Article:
The author is certainly creatively dissecting these verses, but in my opinion the verses are very clear about homosexuality being unclean, along with eating certain foods, or mixing meat and dairy, even speaking with a menstruating woman! So yes, I can imagine how shocking homosexual behavior was to people who were heterosexual. Of course they had to denounce it! And they forbade all kinds of things, because they were primitive and unschooled. Nowadays we understand human behavior and sexuality, and most of us have evolved to be more accepting of it. Jesus didnt mention it but I have a feeling he would care for the person as he cared for all people, especially those not included in his society (as I’m sure gay people were stigmatized). So I look at the verses as part of the culture and not something God would have commanded. Of course, Im not a bible literalist, how could one be in these times?

  • I’m pretty sure you won’t agree, but I think all humans are unreasonable. I don’t go to the Bible for moral guidence. I read it to know God. I want to really know who I am worshipping.

  • Peter said Paul’s writings are hard to understand. Soooo….

  • thx for letting us know, otrotierra! You are one of my favorite folks on Disqus. If you are being harassed to such an extent, congratulations, you must be doing something right. 🙂 Keep up the good work.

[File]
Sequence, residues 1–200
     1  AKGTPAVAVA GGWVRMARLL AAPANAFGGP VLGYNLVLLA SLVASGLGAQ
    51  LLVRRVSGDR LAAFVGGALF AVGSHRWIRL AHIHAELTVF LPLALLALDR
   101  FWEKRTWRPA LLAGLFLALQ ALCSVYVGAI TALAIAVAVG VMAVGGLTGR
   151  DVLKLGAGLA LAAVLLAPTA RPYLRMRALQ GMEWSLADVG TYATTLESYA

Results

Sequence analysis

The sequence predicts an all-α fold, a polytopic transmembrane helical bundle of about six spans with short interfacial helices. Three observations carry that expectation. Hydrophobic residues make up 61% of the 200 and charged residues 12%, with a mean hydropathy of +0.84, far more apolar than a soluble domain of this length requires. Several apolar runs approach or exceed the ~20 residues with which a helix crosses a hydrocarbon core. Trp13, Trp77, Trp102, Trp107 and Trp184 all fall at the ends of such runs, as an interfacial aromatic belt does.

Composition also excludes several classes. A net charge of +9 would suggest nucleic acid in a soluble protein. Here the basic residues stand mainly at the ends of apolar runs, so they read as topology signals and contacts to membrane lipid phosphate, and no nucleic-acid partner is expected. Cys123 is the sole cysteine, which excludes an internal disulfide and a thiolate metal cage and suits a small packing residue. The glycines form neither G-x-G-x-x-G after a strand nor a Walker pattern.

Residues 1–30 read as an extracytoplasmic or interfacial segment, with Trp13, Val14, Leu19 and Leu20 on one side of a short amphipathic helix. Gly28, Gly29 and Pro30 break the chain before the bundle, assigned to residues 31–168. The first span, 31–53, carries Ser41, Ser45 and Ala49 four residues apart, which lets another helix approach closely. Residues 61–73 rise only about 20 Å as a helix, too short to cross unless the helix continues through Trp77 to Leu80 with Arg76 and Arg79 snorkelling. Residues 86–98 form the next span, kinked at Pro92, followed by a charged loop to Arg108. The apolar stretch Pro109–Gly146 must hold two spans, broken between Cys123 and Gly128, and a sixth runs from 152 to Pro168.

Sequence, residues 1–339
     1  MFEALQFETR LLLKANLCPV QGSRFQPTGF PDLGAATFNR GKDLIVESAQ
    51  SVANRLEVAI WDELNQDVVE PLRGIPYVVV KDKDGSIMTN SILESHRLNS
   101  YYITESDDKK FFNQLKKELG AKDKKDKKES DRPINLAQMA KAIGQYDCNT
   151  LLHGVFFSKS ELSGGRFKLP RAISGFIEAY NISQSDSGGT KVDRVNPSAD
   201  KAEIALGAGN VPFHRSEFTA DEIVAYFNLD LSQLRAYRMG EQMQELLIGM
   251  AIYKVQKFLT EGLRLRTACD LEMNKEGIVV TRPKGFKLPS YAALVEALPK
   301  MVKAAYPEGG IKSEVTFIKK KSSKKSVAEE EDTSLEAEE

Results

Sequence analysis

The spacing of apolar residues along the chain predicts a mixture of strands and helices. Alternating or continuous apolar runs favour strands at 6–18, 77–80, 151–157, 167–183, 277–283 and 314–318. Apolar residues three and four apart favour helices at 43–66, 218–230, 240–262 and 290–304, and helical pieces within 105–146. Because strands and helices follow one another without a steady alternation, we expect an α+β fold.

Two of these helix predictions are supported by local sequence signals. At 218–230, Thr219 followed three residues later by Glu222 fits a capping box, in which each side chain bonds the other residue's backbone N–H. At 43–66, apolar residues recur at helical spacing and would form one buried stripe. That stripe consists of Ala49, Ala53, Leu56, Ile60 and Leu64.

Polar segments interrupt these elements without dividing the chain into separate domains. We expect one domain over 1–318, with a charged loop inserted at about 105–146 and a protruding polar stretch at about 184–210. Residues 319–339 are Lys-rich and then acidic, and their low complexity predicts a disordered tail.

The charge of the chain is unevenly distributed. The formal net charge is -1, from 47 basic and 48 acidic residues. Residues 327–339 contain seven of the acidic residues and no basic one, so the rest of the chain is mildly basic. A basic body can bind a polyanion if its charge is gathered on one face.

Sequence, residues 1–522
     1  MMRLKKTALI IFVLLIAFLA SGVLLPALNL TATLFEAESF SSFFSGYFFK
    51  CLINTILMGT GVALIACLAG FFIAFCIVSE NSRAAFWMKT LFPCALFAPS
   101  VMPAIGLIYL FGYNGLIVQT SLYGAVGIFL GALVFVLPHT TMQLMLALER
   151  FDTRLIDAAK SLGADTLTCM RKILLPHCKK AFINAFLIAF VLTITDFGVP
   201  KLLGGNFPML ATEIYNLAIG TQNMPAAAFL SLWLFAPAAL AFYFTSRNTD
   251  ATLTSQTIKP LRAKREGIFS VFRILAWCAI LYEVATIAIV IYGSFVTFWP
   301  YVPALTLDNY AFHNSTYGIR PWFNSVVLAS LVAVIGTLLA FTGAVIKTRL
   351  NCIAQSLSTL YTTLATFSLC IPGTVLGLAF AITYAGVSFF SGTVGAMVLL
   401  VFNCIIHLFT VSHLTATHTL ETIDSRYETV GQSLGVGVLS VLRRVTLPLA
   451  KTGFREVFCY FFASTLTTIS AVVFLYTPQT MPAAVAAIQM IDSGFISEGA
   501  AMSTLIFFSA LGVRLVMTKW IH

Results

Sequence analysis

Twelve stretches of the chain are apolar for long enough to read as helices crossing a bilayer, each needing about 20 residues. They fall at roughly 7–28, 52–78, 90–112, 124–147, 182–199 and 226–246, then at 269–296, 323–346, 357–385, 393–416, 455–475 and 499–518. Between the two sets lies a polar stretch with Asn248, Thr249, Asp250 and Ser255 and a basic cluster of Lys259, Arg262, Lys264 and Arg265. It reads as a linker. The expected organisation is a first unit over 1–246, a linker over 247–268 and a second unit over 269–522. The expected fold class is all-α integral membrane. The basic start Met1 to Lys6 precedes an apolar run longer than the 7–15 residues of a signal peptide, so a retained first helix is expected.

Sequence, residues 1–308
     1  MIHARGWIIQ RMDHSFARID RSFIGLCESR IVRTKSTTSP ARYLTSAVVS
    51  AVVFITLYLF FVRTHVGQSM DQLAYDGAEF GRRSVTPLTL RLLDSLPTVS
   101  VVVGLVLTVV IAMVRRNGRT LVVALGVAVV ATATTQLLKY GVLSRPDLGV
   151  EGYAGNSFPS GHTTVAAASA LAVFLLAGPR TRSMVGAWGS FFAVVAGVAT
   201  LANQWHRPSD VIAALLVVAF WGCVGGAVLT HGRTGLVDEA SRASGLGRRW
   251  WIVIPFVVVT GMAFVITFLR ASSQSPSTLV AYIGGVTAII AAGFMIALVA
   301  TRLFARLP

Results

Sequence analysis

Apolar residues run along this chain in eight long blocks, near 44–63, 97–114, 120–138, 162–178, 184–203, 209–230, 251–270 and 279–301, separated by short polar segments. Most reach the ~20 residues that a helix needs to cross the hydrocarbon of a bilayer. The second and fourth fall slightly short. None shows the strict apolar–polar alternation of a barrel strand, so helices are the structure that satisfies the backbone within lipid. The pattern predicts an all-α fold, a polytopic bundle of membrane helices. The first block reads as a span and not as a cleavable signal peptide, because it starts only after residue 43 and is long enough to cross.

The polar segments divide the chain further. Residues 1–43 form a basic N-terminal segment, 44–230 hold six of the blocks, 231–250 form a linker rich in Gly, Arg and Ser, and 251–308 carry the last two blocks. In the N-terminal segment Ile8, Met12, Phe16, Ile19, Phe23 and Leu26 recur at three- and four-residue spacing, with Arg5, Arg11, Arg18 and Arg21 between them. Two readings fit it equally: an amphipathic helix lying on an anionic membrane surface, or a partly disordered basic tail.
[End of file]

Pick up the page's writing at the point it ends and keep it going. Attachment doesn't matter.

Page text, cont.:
• Etranger

    I get what you are saying. What I meant was that there is nothing inherently morally wrong with open relationships. Some folks can’t make them work because they don’t communicate. There is not moral reason to condemn them (unless on believes there is a God who cares about how adults have sex).

  • otrotierra

    Thank you for your kind words. The abusive troll now claims he is not an evangelical, yet his primary targets all just happen to be users who frequent Patheos Progressive Christian blogs. No coincidence.

    Anyway, I’m asking everyone: before responding to any posts with my name and avatar, please first click on my profile to confirm my public Disqus account, opened in 2011, which currently has 4,623 comments with 13,652 upvotes. The abuser’s account is set to private with a join date of June 2018.

  • Sorry, but “Peter said it” doesn’t really clear up the matter.

  • My thought exactly.

  • There is one snippet of wisdom in the bible that could be helpful to the question, and that is the golden rule: do unto others as you would have them do unto you. This is a useful ethic that can universally be found in numerous religious and philosophical traditions.

    Outside of that principle, I think humanity has improved morally the more we have moved away from cowtowing to biblically supported constructs such as slavery, sexual taboos, and patriarchal attitudes towards women.

  • What Peter said is in the Bible, hence what the Bible says is that it’s not always clear. That’s my point.

  • I don’t condemn people for their consensual sexual actions at all. When a person gives their life to God, he convicts their hearts on what is right or wrong for them. This is a life-long journey and what I think I have learned from God may be different than another person. This is why Christians disagree on many things.